Irish Defence Forces - Keeping the peace for 50 years


Oct 16, 2007
By Tom Brady Security Editor

Thursday June 26 2008

FIFTY years of peacekeeping will be celebrated in military barracks around the country today.

Personnel from the Defence Forces have carried out 59,000 tours of duty in 74 separate missions, and 85 Irish military personnel have lost their lives peacekeeping. The missions ranged from Irish troops first UN-mandated role as observers in Lebanon, in 1958, to current activities in Chad and Kosovo.

Chief of Staff Lieutenant General Dermot Earley said: "We consider this to be a milestone in our history and we are mindful of the sacrifices made by 85 of our members who lost their lives on overseas service, as well as looking to the future and further developing our capability abroad."

Taoiseach Brian Cowen, Defence Minister Willie O'Dea and Lt Gen Earley will attend a parade ceremony at McKee Barracks in Dublin this afternoon.

Some of the first Lebanon peacekeepers will join the parade of troops -- drawn from the Army, Air Corps, Naval Service, the Organisation of National Ex-Servicemen and the Irish UN Veterans' Association.

Commemorative ceremonies will be held in all barracks nationwide and on overseas missions while the chairman of An Post, John Fitzgerald, will launch a special stamp, to be unveiled by the Taoiseach, to mark the occasion.

At present, there are 810 men and women serving overseas on 12 missions, including 408 personnel in the Eufor mission in Chad and the Central African Republic, 284 with Kfor in Kosovo and 47 in Eufor BiH in Bosnia-Herzegovina.


Writing in the Irish Independent today, Mr O'Dea says participation in overseas peacekeeping is a key element of Ireland's foreign policy and has been an important dimension in meeting Ireland's international obligations as a member of the UN and the EU.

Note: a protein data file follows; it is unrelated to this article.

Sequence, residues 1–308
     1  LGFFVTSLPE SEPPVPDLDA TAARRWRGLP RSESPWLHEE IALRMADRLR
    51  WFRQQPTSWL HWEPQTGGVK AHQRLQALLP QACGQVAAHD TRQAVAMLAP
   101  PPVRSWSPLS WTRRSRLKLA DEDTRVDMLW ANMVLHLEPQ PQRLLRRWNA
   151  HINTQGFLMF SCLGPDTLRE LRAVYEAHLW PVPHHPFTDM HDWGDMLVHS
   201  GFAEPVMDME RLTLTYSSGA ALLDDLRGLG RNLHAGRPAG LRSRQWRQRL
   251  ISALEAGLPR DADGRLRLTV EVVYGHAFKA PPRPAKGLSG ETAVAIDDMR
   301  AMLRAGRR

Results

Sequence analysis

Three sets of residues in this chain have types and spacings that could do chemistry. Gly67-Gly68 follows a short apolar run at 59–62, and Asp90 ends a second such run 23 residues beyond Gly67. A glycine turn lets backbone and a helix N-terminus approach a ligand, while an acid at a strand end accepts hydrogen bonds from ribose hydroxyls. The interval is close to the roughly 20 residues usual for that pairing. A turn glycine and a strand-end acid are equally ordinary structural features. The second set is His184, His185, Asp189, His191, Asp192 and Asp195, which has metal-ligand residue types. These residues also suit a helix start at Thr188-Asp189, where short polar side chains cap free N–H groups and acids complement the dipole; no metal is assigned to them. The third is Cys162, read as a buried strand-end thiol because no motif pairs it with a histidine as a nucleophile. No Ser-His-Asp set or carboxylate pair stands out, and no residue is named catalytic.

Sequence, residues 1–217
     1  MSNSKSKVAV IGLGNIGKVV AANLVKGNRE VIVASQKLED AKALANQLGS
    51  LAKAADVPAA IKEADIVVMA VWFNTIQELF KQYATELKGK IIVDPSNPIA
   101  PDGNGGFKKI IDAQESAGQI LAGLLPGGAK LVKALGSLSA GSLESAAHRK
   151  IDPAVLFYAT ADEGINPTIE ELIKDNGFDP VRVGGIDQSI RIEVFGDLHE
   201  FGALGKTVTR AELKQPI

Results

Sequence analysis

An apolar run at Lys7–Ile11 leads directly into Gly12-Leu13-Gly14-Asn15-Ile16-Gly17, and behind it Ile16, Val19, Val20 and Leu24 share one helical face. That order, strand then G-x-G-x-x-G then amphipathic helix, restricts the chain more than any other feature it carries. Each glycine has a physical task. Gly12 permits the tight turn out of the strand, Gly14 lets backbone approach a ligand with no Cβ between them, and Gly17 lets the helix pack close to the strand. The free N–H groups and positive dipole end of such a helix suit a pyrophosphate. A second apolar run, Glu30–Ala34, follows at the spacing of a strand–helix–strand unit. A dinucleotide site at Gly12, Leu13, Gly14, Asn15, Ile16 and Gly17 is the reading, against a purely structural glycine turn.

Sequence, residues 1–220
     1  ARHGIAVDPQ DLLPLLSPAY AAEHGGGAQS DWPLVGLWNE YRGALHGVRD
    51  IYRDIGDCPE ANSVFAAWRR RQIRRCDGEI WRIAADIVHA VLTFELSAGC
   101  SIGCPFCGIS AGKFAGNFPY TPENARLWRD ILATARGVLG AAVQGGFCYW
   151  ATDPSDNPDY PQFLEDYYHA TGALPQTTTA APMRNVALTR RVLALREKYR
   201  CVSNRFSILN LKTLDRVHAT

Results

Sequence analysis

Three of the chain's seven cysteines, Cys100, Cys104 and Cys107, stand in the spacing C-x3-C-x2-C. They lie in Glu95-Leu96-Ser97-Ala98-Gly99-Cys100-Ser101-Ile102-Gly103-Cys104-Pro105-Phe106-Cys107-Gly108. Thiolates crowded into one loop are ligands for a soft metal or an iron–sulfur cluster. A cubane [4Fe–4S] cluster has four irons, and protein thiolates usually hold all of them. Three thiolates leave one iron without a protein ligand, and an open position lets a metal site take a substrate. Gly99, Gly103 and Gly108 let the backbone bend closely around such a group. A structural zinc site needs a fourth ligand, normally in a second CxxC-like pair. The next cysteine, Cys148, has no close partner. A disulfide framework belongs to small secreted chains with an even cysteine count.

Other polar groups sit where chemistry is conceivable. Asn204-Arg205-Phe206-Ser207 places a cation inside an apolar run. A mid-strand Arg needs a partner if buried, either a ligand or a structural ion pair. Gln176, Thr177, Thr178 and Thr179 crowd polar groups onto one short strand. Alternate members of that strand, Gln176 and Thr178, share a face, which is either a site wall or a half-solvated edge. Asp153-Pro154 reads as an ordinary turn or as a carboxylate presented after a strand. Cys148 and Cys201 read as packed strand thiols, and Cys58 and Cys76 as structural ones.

"For over 50 years, the UN has symbolised Ireland's best hopes for a world at peace. The UN stands for the rule of law, for social and political justice and for the peaceful settlement of disputes," he writes.

He points out that Ireland is a very large peacekeeping contributor, relative to our size, resources and capabilities, both financial and military.

And he says the nature of peacekeeping operations has changed extensively, from traditional UN-led "blue hat" missions, to multifaceted regionally-led peace operations. The onus is now being placed on regional states to organise and assemble peacekeeping troops for the purpose of discharging a UN mandate.

Here's to 50 more!:)


On footpatrol in East Timor in 2001


A peacekeeper carries out a minesweep in Lebanon


The first troops - from the 32nd Battalion - prepare to leave from Baldonnel for the Congo in July 1960


Shots are fired at the graveside in Glasnevin in November 1960 for the Niemba ambush victims


Irish peacekeepers pictured in Lebanon in 1958


Irish peacekeepers pictured in Liberia